At the summit the wind was definitely blowing harder than below. This made the temperature much colder. First thing we did was deciding at which of the tent spots we wanted to camp and then put on our warmer layers. It feels so good to get the warm layers on. We then headed across the crater over to the true peak and took some pictures. It was hazy out due to the smoke from the forest fires so the pictures did not turn out to great. After hanging on the peak for a bit we went back down and started to set up the tent and get camp ready for the night. The wind was not blowing too badly, about 15-20 mph so set up was not too tough. We got the hot water in the bag for dinner and got to melting snow for water. Since the teardrop pool was non-existent this year there was no water except what we could melt. Once we melted a couple liters we enjoyed our Thai Peanut Rice dinner. Everything tastes better on the mountain. =) We even made Banana Cream Pie dessert and ate that in our sleeping bags as it was getting dark and we were a little chilled.
The night seemed to last forever. The winds picked up slightly and made the tent flap all night. I think I may have lost some of my nerve since I was a guide because the wind seemed to worry me more than normal. When I would get out of the tent the wind was not more than 20 mph so I really had nothing to worry about. At around 5 am I had to get up and use the restroom and also took the opportunity to tighten up the guy lines around the tent. It is amazing what this did for the sounds of the tent, all of a sudden the tent was quiet and John and I were able to sleep in to around 8:30 am.
When we woke up the smoke had generally cleared and the views were much better than the night before. The wind was still blowing but it was a little warmer than it was the previous evening. We decided to head back up to the true summit for a couple more pictures and we could even see Mt. Shasta to the south and Mt. Rainier to the North. Not too shabby getting a 3 state view. I even took a video from down near the tent site, hopefully I get can get it up on this site. We decided to just eat snacks for breakfast and started to pack up camp. We joked about how long it would take us to run into the first people coming up. Turns out when we reached the crater rim to go down, several climbers were at the crater rim coming up.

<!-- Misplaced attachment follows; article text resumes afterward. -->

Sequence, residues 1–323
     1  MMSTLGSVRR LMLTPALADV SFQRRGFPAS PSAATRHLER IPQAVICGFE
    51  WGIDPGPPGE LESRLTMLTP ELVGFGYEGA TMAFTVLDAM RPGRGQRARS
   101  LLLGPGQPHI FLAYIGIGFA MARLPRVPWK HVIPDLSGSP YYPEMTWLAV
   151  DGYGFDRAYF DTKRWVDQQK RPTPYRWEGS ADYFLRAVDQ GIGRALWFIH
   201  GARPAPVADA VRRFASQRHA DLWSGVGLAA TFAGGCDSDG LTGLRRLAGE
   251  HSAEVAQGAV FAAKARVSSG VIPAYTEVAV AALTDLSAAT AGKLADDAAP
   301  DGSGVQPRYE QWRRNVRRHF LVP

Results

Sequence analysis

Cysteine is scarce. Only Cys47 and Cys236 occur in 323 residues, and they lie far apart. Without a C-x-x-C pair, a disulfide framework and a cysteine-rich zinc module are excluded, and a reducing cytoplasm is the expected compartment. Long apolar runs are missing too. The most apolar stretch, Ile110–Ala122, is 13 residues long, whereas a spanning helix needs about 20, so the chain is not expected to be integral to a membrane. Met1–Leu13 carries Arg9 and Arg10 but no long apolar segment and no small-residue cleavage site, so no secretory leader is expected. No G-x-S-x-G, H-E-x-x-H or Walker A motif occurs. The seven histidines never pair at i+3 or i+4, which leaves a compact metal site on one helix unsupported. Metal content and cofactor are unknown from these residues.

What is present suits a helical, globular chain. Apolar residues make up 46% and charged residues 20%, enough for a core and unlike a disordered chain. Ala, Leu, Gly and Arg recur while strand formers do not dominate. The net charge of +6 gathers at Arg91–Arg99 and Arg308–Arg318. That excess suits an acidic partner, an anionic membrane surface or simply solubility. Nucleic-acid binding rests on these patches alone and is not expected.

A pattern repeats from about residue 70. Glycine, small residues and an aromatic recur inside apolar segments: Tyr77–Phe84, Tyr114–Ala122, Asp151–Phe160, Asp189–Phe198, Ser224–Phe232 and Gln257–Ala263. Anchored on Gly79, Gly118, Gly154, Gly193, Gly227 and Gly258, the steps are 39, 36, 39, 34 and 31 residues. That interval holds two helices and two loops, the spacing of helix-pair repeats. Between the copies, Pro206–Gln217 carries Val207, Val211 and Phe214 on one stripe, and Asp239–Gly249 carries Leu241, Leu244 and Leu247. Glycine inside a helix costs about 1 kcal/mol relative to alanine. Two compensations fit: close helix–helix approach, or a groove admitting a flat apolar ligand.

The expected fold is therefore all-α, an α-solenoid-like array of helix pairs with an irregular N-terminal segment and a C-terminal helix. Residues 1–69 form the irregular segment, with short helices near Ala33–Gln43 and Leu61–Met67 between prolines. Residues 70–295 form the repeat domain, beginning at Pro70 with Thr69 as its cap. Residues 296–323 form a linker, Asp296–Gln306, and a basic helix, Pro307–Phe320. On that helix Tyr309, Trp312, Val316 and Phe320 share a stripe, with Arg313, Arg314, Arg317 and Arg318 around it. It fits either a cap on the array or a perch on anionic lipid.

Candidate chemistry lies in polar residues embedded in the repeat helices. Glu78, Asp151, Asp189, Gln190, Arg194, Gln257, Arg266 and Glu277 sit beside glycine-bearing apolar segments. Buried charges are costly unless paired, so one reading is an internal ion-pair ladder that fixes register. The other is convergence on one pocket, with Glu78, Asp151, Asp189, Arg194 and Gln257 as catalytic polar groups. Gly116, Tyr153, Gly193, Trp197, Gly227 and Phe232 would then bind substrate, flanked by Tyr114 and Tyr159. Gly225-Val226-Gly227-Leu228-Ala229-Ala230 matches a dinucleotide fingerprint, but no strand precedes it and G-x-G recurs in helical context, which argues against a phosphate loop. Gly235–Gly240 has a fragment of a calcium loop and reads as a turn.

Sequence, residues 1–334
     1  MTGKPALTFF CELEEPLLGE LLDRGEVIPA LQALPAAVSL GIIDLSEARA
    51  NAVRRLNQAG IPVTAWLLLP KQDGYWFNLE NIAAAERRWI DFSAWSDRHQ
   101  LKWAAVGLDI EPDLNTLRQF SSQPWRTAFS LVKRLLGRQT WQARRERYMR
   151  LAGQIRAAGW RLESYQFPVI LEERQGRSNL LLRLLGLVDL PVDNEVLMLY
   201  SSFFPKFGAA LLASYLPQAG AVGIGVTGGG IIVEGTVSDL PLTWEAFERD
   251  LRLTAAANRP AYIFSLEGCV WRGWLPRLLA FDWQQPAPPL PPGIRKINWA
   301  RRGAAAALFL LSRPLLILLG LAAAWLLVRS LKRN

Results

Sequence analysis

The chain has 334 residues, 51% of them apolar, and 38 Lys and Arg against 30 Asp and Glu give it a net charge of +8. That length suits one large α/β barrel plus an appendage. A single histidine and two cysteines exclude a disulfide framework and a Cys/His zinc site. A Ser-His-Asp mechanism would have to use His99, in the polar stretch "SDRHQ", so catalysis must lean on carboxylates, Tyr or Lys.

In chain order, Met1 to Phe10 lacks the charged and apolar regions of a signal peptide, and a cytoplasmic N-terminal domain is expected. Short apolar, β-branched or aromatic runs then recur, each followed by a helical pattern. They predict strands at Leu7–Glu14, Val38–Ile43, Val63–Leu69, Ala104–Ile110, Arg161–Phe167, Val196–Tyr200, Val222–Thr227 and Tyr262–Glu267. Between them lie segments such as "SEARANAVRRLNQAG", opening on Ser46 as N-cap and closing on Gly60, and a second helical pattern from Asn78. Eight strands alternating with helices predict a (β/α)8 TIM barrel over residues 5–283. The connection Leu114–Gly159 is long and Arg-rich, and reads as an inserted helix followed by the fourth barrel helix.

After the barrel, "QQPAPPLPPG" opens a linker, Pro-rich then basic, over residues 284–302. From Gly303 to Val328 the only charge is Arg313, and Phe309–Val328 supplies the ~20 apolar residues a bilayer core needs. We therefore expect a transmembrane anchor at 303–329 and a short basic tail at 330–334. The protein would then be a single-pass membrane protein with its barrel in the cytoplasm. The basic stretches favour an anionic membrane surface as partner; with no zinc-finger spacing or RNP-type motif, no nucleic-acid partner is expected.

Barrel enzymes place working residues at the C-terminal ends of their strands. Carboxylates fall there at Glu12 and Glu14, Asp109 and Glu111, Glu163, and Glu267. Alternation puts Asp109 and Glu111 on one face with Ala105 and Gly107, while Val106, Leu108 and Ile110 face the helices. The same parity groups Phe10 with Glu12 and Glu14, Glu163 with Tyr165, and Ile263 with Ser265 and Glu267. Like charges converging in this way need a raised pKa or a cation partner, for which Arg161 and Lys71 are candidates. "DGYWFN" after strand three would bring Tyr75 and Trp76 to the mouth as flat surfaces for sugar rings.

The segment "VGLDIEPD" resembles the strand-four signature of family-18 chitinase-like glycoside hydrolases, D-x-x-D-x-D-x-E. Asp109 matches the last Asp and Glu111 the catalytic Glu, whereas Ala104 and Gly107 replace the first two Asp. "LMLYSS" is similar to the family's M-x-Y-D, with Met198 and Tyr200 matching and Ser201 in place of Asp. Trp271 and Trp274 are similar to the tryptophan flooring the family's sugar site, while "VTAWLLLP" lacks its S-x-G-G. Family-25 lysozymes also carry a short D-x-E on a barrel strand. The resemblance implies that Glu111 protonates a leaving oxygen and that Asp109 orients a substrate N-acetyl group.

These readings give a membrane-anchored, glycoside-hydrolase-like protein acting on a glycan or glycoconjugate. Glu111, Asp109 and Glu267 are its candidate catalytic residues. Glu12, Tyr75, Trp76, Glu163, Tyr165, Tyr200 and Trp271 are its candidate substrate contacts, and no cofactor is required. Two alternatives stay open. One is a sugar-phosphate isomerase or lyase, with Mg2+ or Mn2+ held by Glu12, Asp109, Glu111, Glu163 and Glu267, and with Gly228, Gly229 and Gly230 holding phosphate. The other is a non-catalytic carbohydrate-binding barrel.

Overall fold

Overall the descent was not too difficult. Both John and I had no issues on the upper mountain; it was not until the flat section 2 and last section through the woods where we were both dragging. We probably should have had breakfast. On the descent we passed upwards of 50 people climbing the mountain. Most of these were on the upper mountain but there were a few down low. As we descended we could definitely tell it was warmer than the day before. It was another great day to be on the mountain but we were ready to get back to our car and go get lunch. It took us about 3 hours to get back to the car. Though it might seem a bit crazy to sleep on the summit, as long as you watch the weather and forecasts it really pretty easy. As always, Your Mileage May Vary.
- Osprey Talon 44 Pack – Last time I used this pack was on Mt. Hood. I had it packed only slightly so it felt awkward and did not truly give me a good idea of the pack’s capability. This time I had it packed up to 25 pounds and the pack was great. It fit well and was comfortable. What a difference.
- Columbia Peak to Peak Jacket – Blocked wind well but did not really use it much except for that.
- Columbia Reach the Peak Hybrid Down Jacket – Once again it was nice and warm. Used as a pillow as well. Only drawback is still that the bottom hem is slightly tight.
- Outdoor Research Tremor Pants – Since these are a softshell I was able to use them instead of a mid layer and outerlayer. They worked well.
- Columbia Baselayer ¼ Zip Shirt – This time I actually hiked in this top and slept in it. I must say I am impressed with the top. Warm, breathes, and moves well with you. Unfortunately it is not mosquito proof.
- Columbia Baselayer Tights with Fly – Felt good to get these on at the top. Slept in them as well and were great.
- Nemo Morpho 2 Tent – First time I slept with two in this tent. Was not too tight. Tent performed well once the guy lines were tightened otherwise was a bit noisy.
- Primus ETASolo Stove – Stove worked well for the first time. Boiled water quickly and was easy to light and get going. It had no issues with the wind but it was behind the windbreak.
- Black Diamond Orbit Lantern – A nice luxury item for lighting up the tent. Especially if there is a hanging clip in the tent.